very honest place,” continues the bassist. “We weren’t trying to be

anything specific,” and with time, the band would only grow tighter and

more comfortable with their sharpening sound.

Over the years, The Sheepdogs have trekked across Canada in their

beaten-down van playing as many new cities as possible. The shows

themselves were usually smokin’; the circumstances surrounding them

often weren’t. “It was such a challenge pushing through roadblock after

roadblock,” recounts Gullen, recalling the trying times of indifference

from the industry. “We could rock any crowd we played to,” he says, but

seemingly couldn’t shake the stereotypical struggles of the touring rock

band. Those struggles often emerge in Currie’s lyrical content, along

with musings from ladies, love, and loneliness through to isolation,

drugs, and other demons.

Since having their unshaven mugs showcased in Rolling Stone

and onstage at Bonnaroo, though, it seems the band has finally found

their break and are ready to capitalize on the opportunity. “It used to

be that we wanted to quit our day jobs and just make music,” says Currie

of the band’s aspirations. “Now, it’s about hitting the road, playing

some kick-ass shows, and getting ready to impress people with a new


That full-length, expected in 2012, will surely cement the fact that,

though they’ve had a bit of luck on their side, the only thing

responsible for The Sheepdogs’ recent slew of success is the sweat

they’ve left onstage and the sweet, sticky throwback tunes that share

their infectious grooves with anyone taking them in.

“Scuzzy guitars, crashing drums, unabashed energy and depth of soul.”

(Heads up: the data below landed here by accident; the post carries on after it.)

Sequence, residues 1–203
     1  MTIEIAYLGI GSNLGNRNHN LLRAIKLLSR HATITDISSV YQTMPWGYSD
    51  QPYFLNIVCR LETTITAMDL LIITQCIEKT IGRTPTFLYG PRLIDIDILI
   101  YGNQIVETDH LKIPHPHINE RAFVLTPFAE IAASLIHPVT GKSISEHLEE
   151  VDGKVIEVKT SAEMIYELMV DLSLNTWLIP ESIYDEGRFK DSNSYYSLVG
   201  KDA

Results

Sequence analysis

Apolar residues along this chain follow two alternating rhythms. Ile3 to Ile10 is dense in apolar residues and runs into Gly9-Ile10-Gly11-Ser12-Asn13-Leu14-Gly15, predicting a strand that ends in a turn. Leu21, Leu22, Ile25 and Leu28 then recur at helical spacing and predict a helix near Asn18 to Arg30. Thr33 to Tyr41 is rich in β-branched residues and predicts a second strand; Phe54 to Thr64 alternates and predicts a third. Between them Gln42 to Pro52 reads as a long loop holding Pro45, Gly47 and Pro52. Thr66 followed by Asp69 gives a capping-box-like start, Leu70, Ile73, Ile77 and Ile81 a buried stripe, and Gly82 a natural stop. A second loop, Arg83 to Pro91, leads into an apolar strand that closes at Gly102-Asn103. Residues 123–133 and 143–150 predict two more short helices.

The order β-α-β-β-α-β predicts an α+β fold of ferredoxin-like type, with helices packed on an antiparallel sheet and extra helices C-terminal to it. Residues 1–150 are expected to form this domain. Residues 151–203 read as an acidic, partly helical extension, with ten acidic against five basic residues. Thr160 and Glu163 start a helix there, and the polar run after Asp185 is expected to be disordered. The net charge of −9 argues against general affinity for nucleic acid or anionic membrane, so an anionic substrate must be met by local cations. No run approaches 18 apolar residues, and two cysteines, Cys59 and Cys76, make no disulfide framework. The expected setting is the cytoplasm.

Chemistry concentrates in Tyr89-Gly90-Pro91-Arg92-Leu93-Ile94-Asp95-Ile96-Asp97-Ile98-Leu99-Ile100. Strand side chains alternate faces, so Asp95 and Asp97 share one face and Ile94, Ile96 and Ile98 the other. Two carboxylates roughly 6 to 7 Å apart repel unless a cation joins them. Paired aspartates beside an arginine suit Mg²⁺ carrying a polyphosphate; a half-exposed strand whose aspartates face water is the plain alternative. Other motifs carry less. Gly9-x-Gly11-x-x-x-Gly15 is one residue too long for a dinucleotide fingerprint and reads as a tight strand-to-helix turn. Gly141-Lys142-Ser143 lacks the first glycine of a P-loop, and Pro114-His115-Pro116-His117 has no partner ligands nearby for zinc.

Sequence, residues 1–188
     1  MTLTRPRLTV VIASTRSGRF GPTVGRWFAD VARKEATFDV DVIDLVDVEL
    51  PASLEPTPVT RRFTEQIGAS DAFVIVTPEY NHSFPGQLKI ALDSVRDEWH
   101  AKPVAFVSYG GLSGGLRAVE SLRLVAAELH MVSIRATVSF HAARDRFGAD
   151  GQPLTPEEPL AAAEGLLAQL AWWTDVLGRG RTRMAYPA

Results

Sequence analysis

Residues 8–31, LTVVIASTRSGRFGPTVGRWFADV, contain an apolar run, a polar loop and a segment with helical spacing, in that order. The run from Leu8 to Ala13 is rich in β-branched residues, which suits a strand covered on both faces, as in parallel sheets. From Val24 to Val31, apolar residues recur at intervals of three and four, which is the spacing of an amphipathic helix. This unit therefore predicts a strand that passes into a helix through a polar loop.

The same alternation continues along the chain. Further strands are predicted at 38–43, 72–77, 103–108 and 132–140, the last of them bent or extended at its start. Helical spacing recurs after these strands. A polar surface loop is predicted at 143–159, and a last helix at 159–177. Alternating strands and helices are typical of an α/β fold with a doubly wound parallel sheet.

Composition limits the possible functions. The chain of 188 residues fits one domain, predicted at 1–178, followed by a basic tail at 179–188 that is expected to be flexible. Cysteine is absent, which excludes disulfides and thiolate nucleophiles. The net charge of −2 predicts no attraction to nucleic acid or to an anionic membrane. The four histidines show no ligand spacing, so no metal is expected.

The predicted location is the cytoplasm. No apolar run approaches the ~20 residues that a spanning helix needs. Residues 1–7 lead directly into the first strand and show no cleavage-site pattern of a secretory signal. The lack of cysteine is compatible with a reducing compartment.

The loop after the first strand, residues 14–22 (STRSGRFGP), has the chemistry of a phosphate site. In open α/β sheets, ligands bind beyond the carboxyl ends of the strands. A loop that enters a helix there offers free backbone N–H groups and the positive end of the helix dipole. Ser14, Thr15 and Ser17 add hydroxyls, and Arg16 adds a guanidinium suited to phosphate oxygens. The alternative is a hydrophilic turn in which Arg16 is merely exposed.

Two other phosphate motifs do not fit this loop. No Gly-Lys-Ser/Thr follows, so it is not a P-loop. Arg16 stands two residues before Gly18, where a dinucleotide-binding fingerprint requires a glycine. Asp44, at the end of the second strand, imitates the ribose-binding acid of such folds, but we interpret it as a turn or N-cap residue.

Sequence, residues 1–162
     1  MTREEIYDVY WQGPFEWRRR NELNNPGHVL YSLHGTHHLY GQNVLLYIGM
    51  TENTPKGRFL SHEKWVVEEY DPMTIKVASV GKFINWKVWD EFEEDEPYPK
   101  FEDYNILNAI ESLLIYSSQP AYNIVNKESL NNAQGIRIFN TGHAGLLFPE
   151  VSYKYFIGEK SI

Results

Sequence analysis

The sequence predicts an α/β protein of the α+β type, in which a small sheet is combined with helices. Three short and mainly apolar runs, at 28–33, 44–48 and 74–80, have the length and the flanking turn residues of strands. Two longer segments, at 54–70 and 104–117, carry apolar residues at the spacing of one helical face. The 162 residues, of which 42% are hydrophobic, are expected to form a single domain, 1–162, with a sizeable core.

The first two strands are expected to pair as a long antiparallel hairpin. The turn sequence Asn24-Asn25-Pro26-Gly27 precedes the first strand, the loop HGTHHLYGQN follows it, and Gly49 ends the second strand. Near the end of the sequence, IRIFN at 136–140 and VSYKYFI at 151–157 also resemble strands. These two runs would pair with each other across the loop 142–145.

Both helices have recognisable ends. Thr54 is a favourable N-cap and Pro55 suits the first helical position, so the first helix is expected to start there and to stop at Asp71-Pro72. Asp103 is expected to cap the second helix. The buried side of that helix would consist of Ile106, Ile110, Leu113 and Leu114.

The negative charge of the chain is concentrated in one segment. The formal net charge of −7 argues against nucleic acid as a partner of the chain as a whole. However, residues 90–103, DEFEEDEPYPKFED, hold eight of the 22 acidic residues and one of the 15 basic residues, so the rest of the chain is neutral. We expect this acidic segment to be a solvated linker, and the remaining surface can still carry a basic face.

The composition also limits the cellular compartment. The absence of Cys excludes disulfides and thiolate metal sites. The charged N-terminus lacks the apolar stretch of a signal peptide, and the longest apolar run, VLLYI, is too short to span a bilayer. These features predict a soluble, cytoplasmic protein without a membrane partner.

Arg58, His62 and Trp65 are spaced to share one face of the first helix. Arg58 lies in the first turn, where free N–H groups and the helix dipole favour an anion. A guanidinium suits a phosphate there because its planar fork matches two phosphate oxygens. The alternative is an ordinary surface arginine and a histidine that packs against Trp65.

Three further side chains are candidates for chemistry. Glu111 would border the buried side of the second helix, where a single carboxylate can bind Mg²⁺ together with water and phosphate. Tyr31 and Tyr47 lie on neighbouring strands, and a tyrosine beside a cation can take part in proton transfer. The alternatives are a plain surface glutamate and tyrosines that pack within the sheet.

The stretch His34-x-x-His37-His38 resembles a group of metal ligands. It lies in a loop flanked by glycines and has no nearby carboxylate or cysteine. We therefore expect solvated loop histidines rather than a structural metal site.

That’s how U.K.’s Rock Sound describes Black Box Revelation. Brussels,

Belgium may not be known for producing great rock and roll bands, but

don’t tell that to 22-year-old Jan Paternoster nor his 20-year-old

sidekick Dries Van Dijck, who have been playing together for a decade,

already releasing two albums, 2007’s Set Your Head On Fire and 2010’s Silver Threats (recorded in London’s legendary Konk Studios) that established the duo as a serious force to be reckoned with.

A cross between R&B-inflected garage-band rock that takes its cues from mid-’60s Stones and The Kinks to the most gut-bucket, electric delta blues evocative of Led Zeppelin by way of The White Stripes, The Black Keys and Black Rebel Motorcycle Club, Black Box Revelation is just that… a musical revelation that can’t be boxed into a single category.

Coming to America to record their stateside debut, My Perception,

with producer Alain Johannes in his L.A. home studio, Jan and Dries

felt right at home in the country where so much of the music that

inspired them had been made. The result is their most accomplished album

to date, with sound and noise now coalescing into real songs like the

title track and “Rattle My Heart,” which might have come straight from

Out of Our Heads; the spooky acoustic strains of the Beatles-meets-Kinks

British Invasion vibe of “Bitter,” the haunting, stark acoustic “New

Sun,” the thick ambience of “2 Young Boys,” the percussive beat of

“Shadowman” and the psychedelic blues of “White Unicorns.”